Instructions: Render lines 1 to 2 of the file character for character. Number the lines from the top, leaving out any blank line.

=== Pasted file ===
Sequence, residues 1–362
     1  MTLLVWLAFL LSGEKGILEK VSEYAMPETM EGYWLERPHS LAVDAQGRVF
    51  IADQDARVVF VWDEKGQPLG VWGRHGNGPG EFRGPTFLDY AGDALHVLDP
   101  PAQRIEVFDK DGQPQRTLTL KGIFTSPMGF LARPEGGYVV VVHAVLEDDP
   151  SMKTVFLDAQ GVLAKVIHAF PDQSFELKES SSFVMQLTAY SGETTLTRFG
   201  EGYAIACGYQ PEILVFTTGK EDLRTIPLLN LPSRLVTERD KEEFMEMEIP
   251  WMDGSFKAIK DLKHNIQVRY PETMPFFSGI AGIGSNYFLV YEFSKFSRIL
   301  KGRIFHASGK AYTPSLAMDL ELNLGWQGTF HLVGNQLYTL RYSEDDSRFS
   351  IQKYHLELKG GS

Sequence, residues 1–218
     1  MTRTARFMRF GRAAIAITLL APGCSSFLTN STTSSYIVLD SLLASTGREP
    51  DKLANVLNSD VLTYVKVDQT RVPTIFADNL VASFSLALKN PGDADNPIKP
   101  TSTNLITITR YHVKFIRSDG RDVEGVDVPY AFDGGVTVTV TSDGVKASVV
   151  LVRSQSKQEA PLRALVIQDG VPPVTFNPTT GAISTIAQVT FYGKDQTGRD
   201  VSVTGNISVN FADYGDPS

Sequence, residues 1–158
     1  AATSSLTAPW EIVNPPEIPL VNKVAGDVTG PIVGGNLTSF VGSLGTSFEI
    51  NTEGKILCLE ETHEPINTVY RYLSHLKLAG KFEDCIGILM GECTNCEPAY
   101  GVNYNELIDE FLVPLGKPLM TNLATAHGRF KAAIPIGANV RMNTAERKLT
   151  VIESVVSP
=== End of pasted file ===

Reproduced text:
Sequence, residues 1–362
     1  MTLLVWLAFL LSGEKGILEK VSEYAMPETM EGYWLERPHS LAVDAQGRVF